The nature of learning and teaching in a Catholic school and in the Australian educational landscape generally has changed over time in response to new understandings and changing contexts.

The Melbourne Declaration of Educational Goals acknowledges that these changes are placing new demands on Australian schools. It asserts that

“improving educational outcomes for all young Australians is central to the nation’s social and economic prosperity and will position young people to live fulfilling, productive and responsible lives.” 

Teachers, teaching teams and schools make daily decisions about how to best meet the needs of students.

All of this occurs in a complex set of jurisdictions that have their own impacts on schools.

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Contemporary society

Schooling is embedded within social, cultural, political and economic activity. Society significantly impacts on education and on the worlds of students, families and schools. Our society is shaped by:

  • increased globalization and international mobility
  • values, ethics, responsibilities and cultural sensitivity
  • productivity increasingly based in knowledge generation
  • workforce changes placing pressure on family-life balance
  • unprecedented access to, and understanding of the power of, technology through multiple devices
  • the importance of connectedness for the younger generation in both on-line and off-line worlds
  • the environment agenda
  • commitment to reconciliation
  • media saturation and consumerism

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Contemporary learning

So how do our schools respond to our context and transform themselves in ways that are appropriate and relevant to rapidly changing social, economic and technological landscapes? How do we re-imagine our schools? What sort of learning environments will most effectively serve our students and society in the twenty-first century? What constitutes quality learning? What are the key influences on student learning?

We need to re-visit the core questions and dialogue about: What are we doing and why? How are we doing it and where?

This is particularly important in light of:

  • greater demands on schools to address increasingly complex social issues
  • recognition of the socio-emotional developmental needs of students
  • influence of current research on pedagogy and educational leadership, including increased awareness of learning theory and neuroscience
  • development of national statements about learning and the Australian curriculum 
  • increased control of “just in time” learning by students through access to technology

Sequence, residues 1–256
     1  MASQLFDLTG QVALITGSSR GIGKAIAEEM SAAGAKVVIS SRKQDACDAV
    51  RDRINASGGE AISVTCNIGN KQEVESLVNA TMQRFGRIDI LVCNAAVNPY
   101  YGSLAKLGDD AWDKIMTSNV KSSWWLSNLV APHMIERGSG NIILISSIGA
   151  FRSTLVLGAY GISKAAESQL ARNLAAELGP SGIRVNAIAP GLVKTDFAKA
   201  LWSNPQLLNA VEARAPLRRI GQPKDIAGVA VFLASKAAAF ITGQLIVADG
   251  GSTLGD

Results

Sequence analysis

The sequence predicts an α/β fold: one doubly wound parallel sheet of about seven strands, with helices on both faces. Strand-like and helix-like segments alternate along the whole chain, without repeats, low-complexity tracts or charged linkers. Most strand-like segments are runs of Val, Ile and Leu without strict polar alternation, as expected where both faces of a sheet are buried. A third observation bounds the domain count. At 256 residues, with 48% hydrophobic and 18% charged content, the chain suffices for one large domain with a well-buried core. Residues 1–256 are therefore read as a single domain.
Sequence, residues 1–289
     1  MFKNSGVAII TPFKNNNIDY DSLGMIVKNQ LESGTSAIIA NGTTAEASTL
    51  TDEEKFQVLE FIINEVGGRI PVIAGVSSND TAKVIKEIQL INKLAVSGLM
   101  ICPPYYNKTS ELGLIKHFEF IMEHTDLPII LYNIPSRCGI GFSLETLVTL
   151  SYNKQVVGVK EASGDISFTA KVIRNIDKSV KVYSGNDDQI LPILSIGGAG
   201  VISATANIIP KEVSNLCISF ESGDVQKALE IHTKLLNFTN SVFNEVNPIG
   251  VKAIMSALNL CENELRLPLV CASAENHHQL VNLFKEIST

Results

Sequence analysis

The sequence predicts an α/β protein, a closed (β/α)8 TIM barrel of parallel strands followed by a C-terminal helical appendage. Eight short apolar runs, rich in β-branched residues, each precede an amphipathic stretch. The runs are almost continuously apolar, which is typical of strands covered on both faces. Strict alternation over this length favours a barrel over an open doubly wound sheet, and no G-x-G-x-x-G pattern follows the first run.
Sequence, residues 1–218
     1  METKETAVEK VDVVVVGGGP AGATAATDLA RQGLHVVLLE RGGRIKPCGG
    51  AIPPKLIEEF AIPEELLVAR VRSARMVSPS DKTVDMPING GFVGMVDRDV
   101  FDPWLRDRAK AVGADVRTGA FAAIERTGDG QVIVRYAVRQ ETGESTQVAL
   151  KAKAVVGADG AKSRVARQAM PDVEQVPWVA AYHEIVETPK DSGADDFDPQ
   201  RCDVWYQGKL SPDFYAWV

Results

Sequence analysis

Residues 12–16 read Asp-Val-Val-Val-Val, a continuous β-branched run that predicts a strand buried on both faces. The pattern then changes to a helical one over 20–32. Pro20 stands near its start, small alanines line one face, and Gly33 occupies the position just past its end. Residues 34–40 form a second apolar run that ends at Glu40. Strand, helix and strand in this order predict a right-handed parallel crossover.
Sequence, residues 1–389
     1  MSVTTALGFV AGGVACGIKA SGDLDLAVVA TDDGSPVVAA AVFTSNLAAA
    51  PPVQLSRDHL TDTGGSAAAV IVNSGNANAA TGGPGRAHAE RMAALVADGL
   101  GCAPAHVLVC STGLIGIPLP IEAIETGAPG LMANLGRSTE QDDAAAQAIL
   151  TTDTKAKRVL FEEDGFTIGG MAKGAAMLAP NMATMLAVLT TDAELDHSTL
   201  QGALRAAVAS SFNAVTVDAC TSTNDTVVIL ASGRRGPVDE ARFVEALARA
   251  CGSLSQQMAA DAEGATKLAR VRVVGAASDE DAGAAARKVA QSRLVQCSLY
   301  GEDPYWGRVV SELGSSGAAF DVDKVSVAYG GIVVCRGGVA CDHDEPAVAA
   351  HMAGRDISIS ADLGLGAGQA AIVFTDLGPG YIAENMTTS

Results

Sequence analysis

• increased focus on the skills of critical and creative thinking
  • strengthening of vocational pathways for students
  • renewed focus on early childhood education
  • maintenance of focus on literacy and numeracy within the context of life wide learning/applied to a broad based authentic curriculum/to promote purposeful engagement in all areas of learning
  • professional standards and development of quality teachers
  • shifting the focus in schools to ‘learning’ organisations
  • re engaging in the conversation around the purpose of schooling

Continuous learning with clear purpose and connection to the real-world is critical to developing the capabilities, dispositions and literacies required to participate in society and to deal with the complexity of issues and change.

Knowledge is situational, complex, diverse and rapidly changing. Learning is inquiry-focused, requiring application, construction and creation of knowledge.

Learners connect understandings across disciplines, applying key concepts and evaluating multiple solutions within ethical frameworks. This requires high levels of personalisation and collaboration. 

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Contemporary Catholic school learning environments

The learning and teaching that occurs in a Catholic school should reflect the vision of the school community and an authentic understanding of Christ and his teachings.

The learning experiences should seek to integrate faith, culture and life and be designed to demonstrate the value held for the dignity of each person, a preferred culture of community and educating for citizenship that reflects a commitment to social justice. 

In this context, Catholic schools are called to:

  • be counter-cultural
  • have an evangelising role in the school community and to cater for a diversity of religious backgrounds
  • have a broad range of socio-cultural impact
  • cater for an increased proportion of students identified with special or additional learning needs
  • develop high-performing teams as the basic organising structure for staff
  • effectively manage an inter-generational workforce.

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